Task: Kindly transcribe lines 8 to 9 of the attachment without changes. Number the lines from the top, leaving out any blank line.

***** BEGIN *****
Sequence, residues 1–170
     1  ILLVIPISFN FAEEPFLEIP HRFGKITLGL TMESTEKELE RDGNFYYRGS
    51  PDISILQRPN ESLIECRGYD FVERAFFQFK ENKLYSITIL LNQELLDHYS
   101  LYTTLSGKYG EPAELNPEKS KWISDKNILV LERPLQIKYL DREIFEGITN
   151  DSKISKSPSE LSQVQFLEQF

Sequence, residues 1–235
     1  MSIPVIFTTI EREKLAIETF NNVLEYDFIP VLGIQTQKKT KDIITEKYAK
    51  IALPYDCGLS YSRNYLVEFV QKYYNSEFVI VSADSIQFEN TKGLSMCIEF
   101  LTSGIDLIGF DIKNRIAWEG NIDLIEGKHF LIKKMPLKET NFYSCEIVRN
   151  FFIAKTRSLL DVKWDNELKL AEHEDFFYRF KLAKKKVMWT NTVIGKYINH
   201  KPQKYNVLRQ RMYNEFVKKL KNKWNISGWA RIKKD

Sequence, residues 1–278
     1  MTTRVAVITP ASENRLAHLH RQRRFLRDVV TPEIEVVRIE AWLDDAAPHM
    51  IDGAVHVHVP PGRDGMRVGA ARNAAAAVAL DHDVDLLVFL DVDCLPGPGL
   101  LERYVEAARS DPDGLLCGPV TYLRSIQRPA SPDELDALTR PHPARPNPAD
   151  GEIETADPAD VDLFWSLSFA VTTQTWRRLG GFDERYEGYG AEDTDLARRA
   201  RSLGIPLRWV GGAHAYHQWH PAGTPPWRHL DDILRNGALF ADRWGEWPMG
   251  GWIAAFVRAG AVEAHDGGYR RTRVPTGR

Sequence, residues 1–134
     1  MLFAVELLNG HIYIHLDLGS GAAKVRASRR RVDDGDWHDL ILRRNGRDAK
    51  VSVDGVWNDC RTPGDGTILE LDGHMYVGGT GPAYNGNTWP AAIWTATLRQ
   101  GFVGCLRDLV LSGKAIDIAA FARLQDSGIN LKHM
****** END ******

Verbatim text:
    51  IALPYDCGLS YSRNYLVEFV QKYYNSEFVI VSADSIQFEN TKGLSMCIEF
   101  LTSGIDLIGF DIKNRIAWEG NIDLIEGKHF LIKKMPLKET NFYSCEIVRN